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The Final Chapter is an iconic film and a memorable film, but it’s also a brutal film. Of all the films in the franchise, it’s certainly the most nihilistic – the most depressing, even. To some that’s quality, and no doubt the film succeeds at truly making Jason one of the screen’s most ruthless monsters. Yet, at the same time it makes it tough to enjoy the film in repeat doses the way the other films go down. I can watch the second film endlessly, the same goes with 1, 3, 6 and 7. But The Final Chapter is many times too much. I mean, it’s not even the teenagers that get it this time – usually the end of a Friday the 13th has one final scare or play on the truth of Jason’s death. Here, though, Jason certainly lives on, but at the expense of the innocence and sanity of a small boy. Fuck, even the dog commits suicide. That’s some pretty hefty stuff for a film built on the foundation of being little more than a rollercoaster ride for teenagers.


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Now that’s not to dog the actual quality of the work, because this is a superbly crafted picture – each death is crafted with skill and variety, hitting each and every scare with a blunt swoop. There’s even some screenplay depth to go along with the murders, from the familial parallels between fatherless Jason and Tommy (try to find the fathers in Parts 7 and 8, too) and even the whole notion of the thrills of the medium, as two people die watching women in various stages of undress in motion pictures. The actors make it interesting, but Zito always makes it painful. As a man who crafted some serious action pictures in his day (and of course the excellent slasher, The Prowler), he knows how to handle death, but here in The Final Chapter and with Tom Savini, he does it a little too much, and a little too well. For Sean S. Cunningham or Steve Miner, death was fun, but for Joseph Zito, it truly is the final chapter.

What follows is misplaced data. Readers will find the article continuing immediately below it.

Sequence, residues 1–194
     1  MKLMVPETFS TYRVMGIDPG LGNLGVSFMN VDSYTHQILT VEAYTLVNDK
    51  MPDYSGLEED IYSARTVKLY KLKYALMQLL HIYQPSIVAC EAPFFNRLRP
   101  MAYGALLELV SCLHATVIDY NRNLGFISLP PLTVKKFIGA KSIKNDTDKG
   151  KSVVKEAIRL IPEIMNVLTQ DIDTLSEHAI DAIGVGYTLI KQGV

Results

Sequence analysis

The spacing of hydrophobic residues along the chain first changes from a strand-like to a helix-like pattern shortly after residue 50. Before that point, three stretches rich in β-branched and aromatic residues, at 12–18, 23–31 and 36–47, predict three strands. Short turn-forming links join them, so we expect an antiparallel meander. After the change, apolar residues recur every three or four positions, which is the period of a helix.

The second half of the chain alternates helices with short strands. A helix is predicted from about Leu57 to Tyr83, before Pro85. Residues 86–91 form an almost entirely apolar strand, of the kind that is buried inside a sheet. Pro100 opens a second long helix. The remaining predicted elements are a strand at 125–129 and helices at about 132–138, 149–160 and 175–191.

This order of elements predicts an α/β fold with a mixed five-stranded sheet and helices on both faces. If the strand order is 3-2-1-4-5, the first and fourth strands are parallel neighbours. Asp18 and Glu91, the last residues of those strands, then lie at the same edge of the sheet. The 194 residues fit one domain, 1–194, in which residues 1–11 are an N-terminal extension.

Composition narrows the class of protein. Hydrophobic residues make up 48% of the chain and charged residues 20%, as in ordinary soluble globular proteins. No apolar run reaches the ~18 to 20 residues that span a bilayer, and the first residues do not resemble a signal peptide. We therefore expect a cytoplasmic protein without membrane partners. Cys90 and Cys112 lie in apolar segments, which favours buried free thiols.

Image Quality


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If you’ve seen my comparisons of the previous three Deluxe Editions, you’ll know what to expect here. There is again so much more picture information with this new disc, the levels boosted so what was once covered in shadow now comes out with texture and color. Many scenes that were previously too dark in the original DVD now come through clearly here. Colors are boosted and improved too, with skin tones a bit more rosy, lamps a bit more orange and the blue moon hue that much more blue. There are a few times when things seem boosted too much – the gamma raised to the point where contrast suffers, or the gain increased to the point where there is some colourful pixel noise. The first part of the film, at parts, is even sometimes darker than the original DVD. On the whole though, this is a big improvement – there is even a significant amount of added picture information on all sides, with Paramount zooming out a touch on this telecine.